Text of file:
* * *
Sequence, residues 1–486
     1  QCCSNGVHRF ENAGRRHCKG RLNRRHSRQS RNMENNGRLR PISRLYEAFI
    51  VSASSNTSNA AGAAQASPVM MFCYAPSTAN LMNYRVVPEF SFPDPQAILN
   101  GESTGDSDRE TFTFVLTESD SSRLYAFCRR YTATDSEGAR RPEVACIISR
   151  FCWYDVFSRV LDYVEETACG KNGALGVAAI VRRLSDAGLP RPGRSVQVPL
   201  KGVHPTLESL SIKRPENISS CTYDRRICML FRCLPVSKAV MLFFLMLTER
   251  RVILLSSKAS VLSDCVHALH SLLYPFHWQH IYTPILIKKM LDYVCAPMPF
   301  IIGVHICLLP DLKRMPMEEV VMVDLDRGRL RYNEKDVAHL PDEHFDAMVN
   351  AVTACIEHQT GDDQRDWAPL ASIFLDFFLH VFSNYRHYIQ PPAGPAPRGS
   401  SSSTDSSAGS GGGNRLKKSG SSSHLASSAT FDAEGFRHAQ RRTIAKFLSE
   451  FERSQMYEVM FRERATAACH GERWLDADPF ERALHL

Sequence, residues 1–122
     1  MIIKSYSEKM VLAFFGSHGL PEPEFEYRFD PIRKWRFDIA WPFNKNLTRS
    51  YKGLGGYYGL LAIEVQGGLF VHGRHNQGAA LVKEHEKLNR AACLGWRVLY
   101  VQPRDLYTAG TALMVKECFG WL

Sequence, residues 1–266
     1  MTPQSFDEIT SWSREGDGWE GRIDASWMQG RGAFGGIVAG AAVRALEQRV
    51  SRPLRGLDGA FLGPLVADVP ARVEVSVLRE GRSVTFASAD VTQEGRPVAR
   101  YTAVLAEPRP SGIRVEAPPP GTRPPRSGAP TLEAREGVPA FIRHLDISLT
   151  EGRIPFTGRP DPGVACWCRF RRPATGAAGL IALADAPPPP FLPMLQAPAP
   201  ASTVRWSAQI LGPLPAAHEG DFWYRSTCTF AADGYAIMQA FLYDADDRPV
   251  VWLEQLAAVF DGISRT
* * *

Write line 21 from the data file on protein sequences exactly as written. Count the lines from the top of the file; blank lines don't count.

   201  ASTVRWSAQI LGPLPAAHEG DFWYRSTCTF AADGYAIMQA FLYDADDRPV